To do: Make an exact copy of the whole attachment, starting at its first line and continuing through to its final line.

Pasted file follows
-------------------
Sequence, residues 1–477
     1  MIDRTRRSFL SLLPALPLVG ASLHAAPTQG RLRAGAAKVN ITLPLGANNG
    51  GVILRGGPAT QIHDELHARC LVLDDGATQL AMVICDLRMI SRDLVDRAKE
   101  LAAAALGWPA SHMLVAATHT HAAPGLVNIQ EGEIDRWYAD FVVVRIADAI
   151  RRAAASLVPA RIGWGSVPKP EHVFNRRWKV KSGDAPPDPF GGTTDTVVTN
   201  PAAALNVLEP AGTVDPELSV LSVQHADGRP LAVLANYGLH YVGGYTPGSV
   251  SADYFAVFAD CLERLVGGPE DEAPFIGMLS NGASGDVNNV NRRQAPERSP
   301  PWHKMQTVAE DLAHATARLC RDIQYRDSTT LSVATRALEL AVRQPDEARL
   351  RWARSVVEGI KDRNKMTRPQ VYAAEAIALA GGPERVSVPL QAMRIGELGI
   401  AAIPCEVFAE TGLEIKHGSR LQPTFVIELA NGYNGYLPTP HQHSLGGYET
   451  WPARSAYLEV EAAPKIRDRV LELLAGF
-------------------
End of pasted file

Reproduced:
Sequence, residues 1–477
     1  MIDRTRRSFL SLLPALPLVG ASLHAAPTQG RLRAGAAKVN ITLPLGANNG
    51  GVILRGGPAT QIHDELHARC LVLDDGATQL AMVICDLRMI SRDLVDRAKE
   101  LAAAALGWPA SHMLVAATHT HAAPGLVNIQ EGEIDRWYAD FVVVRIADAI
   151  RRAAASLVPA RIGWGSVPKP EHVFNRRWKV KSGDAPPDPF GGTTDTVVTN
   201  PAAALNVLEP AGTVDPELSV LSVQHADGRP LAVLANYGLH YVGGYTPGSV
   251  SADYFAVFAD CLERLVGGPE DEAPFIGMLS NGASGDVNNV NRRQAPERSP
   301  PWHKMQTVAE DLAHATARLC RDIQYRDSTT LSVATRALEL AVRQPDEARL
   351  RWARSVVEGI KDRNKMTRPQ VYAAEAIALA GGPERVSVPL QAMRIGELGI
   401  AAIPCEVFAE TGLEIKHGSR LQPTFVIELA NGYNGYLPTP HQHSLGGYET
   451  WPARSAYLEV EAAPKIRDRV LELLAGF